• Traverse 900 years of history at Fontenay Abbey

The religious heritage of Burgundy has thrived through centuries, and the Cistercian Abbey of Fontenay is one of the oldest of its type preserved in the world. Founded in 1118, nestled in a historical valley of 1200 hectares (about 3000 acres), the Abbey serenely testifies to Burgundy's rich history.

• Make a wish to the legendary owl of Dijon

Find the alleyway of the Rue de la Chouette, where the Notre Dame church de Dijon stands, to find the wish-granting owl that perches on side of the chuch! It's said that the statue brings good luck to all those who touch it with the left hand, keeping their right hand on their heart. If you believe strongly enough, your wish might just come true...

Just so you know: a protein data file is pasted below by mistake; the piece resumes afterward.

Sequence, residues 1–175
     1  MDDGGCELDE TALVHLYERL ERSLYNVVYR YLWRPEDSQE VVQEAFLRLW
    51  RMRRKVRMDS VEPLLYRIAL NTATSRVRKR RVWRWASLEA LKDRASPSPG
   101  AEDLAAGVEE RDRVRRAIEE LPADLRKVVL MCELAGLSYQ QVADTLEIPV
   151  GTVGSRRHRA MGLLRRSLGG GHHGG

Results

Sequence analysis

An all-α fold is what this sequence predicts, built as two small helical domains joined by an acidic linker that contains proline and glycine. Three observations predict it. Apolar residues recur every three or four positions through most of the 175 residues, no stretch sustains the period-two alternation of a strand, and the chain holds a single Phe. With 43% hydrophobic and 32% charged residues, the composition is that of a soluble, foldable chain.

• Learn something new at the Burgundy Wine School in Beaune

A school to learn everything about wine—in France, of course it exists! In Beaune, an essential stop in the Burgundy, you can attend organized courses, conferences and tastings, to initiate or improve your knowledges, at the Burgundy Wine School.

• Cruise the Nivernais Canal 

Roaming over nearly 180 kms (112 miles), between St Léger des Vignes in the Nièvre and Auxerre, capital of Lower Burgundy, the Nivernais canal beckons visitors to sail closer to the greenery, villages and vineyards, in boats without requiring a license. All aboard!

• Tour the great lakes of Morvan

The six lakes are all different, nestled between rolling hills: Settons, Pannecière, St Agnan, Chaumeçon, Chamboux or Crescent. Canoeing, swimming, cycling, fishing—find aquatic adventures or lakeside tranquility, it's up to you.

Getting to Burgundy